Especially in the context of biking as a basic human and civil right, and the worthwhile fight for visibility, recognition, equity, and justice, the city of Atlanta and its people play a very important role in contemporary history. Understanding and allowing one’s self to be moved by dynamic and diverse urban culture means going back to a period of time in which Black Americans both fought for and shaped what it means to belong, regardless of one’s membership to a certain group, community, or class.
Day one of the Bike Law Advocacy Think Tank begged for someone who could show us, with confidence and intimacy, what makes Atlanta such a special place and why. And she did it on the bike.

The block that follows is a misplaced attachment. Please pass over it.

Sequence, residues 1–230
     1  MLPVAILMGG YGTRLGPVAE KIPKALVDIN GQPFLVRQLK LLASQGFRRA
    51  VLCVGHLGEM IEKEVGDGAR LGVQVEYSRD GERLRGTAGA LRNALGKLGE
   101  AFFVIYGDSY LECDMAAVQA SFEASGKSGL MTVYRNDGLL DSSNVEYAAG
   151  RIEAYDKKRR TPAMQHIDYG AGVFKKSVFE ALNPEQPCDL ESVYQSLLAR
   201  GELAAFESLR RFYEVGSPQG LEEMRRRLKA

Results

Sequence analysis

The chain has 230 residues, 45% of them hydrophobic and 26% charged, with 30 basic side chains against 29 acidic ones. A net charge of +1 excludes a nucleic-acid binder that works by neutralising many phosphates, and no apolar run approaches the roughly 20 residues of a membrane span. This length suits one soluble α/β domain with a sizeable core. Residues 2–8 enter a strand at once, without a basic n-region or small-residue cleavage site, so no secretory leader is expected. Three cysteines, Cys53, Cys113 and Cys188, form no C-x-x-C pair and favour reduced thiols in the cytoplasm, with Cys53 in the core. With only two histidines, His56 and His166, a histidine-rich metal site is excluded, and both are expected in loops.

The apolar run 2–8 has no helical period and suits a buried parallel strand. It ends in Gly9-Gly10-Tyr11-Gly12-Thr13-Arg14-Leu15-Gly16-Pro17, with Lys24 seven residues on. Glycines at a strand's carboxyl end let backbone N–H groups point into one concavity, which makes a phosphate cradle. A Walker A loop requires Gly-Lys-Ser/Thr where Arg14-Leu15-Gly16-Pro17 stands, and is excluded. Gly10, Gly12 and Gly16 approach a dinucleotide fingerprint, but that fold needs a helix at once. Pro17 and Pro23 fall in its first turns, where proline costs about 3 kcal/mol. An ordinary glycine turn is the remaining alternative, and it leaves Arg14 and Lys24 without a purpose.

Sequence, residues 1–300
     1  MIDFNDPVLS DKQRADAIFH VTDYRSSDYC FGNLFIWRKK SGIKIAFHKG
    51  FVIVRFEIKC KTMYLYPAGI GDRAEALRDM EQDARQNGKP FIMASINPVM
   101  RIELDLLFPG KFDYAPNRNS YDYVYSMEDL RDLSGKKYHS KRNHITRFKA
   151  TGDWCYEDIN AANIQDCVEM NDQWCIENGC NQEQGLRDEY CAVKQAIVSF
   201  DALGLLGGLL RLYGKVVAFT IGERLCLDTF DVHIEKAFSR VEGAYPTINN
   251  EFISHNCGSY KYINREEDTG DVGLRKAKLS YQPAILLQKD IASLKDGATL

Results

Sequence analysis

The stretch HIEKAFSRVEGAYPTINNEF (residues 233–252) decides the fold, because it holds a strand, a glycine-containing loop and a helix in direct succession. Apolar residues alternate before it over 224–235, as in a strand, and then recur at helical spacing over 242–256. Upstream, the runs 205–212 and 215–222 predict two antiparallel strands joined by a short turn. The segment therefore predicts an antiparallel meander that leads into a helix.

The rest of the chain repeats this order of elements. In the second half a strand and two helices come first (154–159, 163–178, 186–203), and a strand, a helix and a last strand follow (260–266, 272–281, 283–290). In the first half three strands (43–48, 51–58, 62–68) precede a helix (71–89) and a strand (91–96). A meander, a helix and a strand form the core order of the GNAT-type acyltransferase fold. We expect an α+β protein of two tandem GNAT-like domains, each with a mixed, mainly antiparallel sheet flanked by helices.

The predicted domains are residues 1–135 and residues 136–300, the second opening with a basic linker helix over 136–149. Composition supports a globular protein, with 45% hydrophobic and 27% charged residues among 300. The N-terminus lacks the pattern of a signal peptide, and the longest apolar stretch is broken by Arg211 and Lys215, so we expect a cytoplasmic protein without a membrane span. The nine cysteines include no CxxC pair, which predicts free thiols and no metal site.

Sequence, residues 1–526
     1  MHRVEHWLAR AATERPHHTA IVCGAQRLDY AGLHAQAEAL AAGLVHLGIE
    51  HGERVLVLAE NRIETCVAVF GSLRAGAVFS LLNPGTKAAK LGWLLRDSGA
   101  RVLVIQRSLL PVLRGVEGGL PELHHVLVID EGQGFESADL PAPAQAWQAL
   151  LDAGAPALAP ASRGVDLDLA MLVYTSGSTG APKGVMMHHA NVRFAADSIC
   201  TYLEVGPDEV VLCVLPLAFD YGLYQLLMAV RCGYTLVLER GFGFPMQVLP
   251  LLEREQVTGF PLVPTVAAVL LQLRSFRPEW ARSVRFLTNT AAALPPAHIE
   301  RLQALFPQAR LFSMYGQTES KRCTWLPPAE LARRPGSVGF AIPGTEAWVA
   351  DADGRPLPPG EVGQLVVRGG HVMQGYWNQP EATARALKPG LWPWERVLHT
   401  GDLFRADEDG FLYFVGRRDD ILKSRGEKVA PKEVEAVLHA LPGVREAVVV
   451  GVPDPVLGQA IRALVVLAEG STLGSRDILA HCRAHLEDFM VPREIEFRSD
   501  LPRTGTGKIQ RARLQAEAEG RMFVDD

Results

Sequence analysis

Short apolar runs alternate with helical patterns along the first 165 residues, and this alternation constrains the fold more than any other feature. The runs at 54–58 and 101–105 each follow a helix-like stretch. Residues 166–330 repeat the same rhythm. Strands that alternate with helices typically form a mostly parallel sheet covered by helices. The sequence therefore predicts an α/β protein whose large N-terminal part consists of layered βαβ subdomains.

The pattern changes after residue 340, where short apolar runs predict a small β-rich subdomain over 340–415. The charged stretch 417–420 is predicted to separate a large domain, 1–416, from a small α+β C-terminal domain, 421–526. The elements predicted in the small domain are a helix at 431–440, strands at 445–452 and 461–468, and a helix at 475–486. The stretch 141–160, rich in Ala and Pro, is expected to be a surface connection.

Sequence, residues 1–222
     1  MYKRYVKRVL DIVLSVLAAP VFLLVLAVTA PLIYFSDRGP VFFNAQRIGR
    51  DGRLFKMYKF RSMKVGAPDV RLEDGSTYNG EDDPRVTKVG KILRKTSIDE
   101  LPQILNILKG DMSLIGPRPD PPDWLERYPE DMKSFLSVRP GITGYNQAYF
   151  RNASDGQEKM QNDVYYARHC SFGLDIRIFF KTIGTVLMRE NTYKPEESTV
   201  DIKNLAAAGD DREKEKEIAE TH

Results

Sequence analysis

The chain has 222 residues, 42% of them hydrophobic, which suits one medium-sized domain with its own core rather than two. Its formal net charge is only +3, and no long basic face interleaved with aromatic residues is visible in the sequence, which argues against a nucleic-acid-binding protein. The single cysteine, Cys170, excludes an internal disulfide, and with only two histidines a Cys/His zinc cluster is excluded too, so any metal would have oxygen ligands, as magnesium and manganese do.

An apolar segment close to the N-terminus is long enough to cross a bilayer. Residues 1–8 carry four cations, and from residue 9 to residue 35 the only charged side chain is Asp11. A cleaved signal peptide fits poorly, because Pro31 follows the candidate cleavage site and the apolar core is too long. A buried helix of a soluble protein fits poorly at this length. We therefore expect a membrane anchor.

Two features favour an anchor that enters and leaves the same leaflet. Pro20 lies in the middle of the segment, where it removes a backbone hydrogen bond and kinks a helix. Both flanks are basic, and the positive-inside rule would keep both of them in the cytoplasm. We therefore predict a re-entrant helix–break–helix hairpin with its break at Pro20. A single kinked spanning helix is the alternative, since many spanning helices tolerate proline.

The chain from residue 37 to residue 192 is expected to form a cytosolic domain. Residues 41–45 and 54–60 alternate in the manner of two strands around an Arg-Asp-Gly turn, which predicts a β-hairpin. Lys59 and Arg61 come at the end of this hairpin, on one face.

Women on Bikes: Nedra Deadwyler
Nedra Deadwyler grew up in Decatur and was in the saddle by the age of 4. As an adult and an Atlanta resident, she is the owner of Civil Bikes, a walking and biking tour company that allows anyone who is willing to “create a relationship with Atlanta.” She is not “just” a (Black) woman in the saddle, she is a preordained teacher, humanitarian, and community builder. She is a strong, calm voice, a local historian, and she was the guiding force needed to reinforce our beliefs that the bicycle is invaluable and until minorities and subgroups of any community are represented, recognized, and rewarded with the same visibility in public spaces as those who have never had to grapple with their own racial identity, safer scalable biking is a long way away.